Adam’s sin is indeed everyman’s. The account of Adam and Eve’s sin is in essence the account of every sin and fall into temptation, and is alluded to on nearly every page of the Bible. God had told Adam to each in abundance from all the trees of the garden (Gen. 2:16,17). Eve tells the serpent that they can simply “eat” (she doesn’t mention ‘in abundance’) from “the trees of the garden” (she doesn’t mention ‘from all of them’; Gen. 3:2,3). If Adam and Eve had enjoyed God’s blessings as He intended, there would not have been such a pull into the temptation. Appreciating the blessings God has given us, with regular prayers of thankfulness throughout the day (meal times are a great opportunity to remember to do this) will likewise lead us away from temptation; minimizing His blessings propels us towards it. Each time we fail in this, we are repeating Eve’s sin. Likewise we can discern a positive focus by Eve upon the object of temptation; God had told Adam and Eve to eat in abundance “from all trees of the garden” but not to eat “from the tree of knowledge”. Eve repeats this to the serpent by inserting the word ‘fruit’: “From the fruit of the trees of the garden we may eat, but from the fruit of the tree that is in the middle of the garden…”. Focusing on the forbidden fruit in such detail is a sure way to ultimately succumb to the temptation. Or again, the command to not eat of the tree was twisted by Eve into saying that God had commanded that they were to not even touch it. She put a fence around the law [or Adam did, in explaining it to her]- and it had the opposite effect. Paul alludes to this by saying that Jewish regulations such as “Do not handle, do not taste, do not touch… are of no value in checking the indulgence of the flesh” (Col. 2:21-23). In all these things we find Adam to be everyman, to be me, to be you, to be us.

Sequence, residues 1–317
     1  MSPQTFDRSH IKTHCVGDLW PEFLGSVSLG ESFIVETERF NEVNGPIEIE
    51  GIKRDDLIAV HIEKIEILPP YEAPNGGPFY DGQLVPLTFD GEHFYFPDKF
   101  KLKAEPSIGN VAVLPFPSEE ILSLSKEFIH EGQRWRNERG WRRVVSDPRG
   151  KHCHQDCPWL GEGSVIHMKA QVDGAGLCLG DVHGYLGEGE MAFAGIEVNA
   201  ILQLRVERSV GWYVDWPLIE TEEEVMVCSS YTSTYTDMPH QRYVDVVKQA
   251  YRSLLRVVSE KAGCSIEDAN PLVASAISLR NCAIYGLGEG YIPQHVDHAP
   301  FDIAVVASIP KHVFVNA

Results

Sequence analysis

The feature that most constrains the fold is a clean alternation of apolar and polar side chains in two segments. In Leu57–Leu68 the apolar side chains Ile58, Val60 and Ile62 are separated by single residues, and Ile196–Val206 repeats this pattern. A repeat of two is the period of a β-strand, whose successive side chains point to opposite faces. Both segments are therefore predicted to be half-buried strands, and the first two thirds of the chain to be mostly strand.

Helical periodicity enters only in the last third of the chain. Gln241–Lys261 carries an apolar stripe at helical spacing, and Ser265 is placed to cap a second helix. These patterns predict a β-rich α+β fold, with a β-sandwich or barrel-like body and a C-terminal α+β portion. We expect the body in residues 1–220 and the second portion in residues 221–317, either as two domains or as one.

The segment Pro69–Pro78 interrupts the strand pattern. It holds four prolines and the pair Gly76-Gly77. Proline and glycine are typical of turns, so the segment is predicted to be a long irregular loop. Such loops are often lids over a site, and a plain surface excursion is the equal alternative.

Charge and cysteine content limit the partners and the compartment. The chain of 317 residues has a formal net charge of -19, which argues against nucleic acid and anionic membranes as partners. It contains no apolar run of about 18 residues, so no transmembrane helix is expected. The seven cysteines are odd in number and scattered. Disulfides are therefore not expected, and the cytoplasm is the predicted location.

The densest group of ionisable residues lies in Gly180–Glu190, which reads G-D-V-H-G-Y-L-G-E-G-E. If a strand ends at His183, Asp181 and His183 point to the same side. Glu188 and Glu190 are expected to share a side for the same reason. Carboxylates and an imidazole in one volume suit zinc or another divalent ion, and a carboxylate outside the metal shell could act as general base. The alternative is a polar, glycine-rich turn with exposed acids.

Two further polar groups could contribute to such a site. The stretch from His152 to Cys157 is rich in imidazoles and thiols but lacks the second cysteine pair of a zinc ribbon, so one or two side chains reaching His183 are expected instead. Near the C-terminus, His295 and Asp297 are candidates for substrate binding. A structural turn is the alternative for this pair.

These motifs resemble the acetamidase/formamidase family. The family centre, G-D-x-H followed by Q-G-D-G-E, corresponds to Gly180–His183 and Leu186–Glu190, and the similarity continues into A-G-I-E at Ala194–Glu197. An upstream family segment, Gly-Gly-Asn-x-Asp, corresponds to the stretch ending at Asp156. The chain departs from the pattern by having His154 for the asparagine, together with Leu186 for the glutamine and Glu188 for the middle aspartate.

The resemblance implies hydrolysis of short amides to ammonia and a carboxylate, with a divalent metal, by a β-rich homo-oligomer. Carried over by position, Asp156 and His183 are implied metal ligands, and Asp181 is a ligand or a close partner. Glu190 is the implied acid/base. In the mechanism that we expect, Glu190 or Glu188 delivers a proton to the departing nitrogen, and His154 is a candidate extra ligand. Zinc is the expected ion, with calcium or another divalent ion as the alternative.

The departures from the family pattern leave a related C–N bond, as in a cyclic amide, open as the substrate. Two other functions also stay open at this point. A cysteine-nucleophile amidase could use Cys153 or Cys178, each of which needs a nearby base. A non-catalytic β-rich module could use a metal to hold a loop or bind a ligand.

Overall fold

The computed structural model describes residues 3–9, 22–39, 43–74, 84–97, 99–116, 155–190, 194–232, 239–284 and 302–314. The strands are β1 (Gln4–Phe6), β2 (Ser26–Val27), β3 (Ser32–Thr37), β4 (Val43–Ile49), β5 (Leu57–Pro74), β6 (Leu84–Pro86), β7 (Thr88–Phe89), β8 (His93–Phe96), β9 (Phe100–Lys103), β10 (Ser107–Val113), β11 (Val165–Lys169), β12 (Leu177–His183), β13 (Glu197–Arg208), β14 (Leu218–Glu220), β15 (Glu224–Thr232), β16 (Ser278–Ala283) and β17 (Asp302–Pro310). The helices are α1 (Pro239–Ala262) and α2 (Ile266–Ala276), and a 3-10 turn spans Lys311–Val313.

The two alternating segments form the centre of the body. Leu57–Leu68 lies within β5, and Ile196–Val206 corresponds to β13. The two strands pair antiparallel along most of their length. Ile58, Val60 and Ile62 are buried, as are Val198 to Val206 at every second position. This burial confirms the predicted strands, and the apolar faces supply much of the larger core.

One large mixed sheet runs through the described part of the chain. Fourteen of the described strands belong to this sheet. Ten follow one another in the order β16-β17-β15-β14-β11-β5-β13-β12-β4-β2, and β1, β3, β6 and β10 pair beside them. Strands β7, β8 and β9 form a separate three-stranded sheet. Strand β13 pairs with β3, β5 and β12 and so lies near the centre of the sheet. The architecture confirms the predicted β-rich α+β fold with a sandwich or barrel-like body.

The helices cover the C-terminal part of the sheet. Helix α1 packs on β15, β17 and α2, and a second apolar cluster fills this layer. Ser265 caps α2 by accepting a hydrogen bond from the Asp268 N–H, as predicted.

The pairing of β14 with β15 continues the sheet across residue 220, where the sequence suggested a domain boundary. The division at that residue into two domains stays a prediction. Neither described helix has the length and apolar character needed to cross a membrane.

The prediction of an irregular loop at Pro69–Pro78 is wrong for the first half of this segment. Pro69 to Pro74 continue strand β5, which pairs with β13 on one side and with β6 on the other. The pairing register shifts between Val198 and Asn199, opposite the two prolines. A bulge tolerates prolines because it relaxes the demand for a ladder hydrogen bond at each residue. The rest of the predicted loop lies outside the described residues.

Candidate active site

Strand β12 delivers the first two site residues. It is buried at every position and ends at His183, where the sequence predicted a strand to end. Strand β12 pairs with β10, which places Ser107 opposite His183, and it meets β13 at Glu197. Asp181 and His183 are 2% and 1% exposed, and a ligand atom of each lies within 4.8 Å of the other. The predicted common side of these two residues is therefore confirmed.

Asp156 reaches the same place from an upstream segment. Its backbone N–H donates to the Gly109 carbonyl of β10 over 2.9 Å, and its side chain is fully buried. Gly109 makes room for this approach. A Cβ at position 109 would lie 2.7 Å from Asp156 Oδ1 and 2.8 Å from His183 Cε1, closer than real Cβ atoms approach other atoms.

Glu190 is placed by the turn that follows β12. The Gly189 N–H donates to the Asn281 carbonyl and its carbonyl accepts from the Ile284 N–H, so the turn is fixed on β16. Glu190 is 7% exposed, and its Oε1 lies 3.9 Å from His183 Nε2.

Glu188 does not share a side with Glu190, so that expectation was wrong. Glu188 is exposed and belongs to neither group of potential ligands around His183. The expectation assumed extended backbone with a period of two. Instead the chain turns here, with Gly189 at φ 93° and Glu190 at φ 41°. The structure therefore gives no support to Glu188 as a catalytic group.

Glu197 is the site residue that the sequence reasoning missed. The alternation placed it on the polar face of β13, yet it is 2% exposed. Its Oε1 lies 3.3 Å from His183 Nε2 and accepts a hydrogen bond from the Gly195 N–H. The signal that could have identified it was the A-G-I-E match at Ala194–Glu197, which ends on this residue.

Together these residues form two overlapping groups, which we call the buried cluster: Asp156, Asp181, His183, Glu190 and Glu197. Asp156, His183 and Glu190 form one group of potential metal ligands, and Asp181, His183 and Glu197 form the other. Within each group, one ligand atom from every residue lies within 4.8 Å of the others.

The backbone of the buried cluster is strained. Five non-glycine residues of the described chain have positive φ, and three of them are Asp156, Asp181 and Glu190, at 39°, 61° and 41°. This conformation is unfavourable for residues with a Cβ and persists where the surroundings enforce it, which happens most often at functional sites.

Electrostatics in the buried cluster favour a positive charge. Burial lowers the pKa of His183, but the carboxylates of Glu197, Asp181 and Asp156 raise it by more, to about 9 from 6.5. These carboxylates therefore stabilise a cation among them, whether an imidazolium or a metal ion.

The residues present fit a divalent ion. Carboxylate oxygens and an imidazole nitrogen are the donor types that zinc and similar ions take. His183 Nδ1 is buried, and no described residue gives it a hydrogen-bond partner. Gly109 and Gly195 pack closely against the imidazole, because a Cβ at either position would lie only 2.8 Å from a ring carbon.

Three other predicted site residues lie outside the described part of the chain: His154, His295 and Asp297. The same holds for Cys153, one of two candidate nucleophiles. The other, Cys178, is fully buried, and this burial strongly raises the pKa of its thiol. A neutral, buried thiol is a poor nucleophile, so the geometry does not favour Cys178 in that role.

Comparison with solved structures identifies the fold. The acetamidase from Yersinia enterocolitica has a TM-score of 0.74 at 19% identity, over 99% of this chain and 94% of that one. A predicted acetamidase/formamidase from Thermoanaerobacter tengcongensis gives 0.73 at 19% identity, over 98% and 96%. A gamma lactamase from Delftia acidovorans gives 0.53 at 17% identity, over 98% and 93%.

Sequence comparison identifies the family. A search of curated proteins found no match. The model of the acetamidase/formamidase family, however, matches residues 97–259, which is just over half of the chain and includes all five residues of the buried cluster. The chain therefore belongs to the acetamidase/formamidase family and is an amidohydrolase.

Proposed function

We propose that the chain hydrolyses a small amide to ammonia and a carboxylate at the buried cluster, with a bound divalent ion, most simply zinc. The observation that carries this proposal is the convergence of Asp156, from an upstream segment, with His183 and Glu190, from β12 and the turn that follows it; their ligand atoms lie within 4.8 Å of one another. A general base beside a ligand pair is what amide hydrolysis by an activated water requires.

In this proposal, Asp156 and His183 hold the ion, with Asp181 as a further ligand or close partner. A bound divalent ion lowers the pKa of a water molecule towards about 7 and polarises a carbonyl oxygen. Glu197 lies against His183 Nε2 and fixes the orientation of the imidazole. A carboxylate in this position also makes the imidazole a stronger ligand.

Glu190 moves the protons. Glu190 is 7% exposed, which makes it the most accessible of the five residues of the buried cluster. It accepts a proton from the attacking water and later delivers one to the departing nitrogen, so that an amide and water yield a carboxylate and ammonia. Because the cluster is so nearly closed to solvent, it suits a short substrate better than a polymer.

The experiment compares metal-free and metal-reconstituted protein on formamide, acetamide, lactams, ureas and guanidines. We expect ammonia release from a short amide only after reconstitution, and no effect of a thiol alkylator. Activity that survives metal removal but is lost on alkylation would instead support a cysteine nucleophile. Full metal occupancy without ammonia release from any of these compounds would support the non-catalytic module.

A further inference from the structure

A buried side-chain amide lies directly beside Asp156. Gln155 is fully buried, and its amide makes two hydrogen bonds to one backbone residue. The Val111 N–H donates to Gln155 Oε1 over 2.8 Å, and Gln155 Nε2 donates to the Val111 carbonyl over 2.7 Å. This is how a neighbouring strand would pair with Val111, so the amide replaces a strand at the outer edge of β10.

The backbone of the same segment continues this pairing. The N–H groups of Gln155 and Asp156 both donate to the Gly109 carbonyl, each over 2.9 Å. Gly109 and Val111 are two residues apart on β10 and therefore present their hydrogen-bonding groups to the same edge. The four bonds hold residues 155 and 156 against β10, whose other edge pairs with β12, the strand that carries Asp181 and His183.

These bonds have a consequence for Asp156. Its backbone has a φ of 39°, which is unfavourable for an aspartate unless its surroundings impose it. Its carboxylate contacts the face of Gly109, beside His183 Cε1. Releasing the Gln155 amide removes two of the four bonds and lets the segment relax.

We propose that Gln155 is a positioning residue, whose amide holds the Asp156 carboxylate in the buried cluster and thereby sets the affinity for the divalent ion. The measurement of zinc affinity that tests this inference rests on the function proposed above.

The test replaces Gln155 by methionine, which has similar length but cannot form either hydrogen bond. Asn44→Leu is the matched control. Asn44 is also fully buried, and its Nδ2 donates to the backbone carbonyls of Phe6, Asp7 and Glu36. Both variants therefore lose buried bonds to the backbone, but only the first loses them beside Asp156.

There are many allusions to Adam in the book of Job- Zophar in chapters 11 and 20 accuses Job of being as Adam, and Job denies this by way of allusion and specifically at Job 31:33. But then the whirlwind comes, and God speaks out of it to convict Job that he is indeed as Adam. The translation of ruach hayom in Gen. 3:8-11 as God walking “in the wind of the day” totally misses the point- the idea is of a theophany of ruach, Spirit wind, and Adam trying to hide and shelter among the trees from the blast of the wind. And out of that wind, God speaks and convicts him of his sin. This is what happened to Job as the wind approaches throughout Elihu’s speeches, and then he is called to account and recognition that he is as Adam. The description of Behemoth in Job 40:15 is relevant, for this is the term used for the “cattle” above which the serpent was cursed (Gen. 3:14).

Verse by Verse Notes on Genesis 3

3:1 More subtle- The great temptation for Israel in their eretz was Canaanite idolatry. Baal was seen as a god of wisdom; perhaps the serpent spoke of all such idolatry, tempting Israel to ‘play God’, to assume His wisdom, which is the essence of every temptation. As there was a snake who was there in the 'land' of Eden, so there was the equivalent amongst Israel- the false teachers, the tribes who remained, etc., the "serpents of the dust" who would be the cause of Israel's destruction (Dt. 32:24- an evident allusion to the language of the snake in Eden).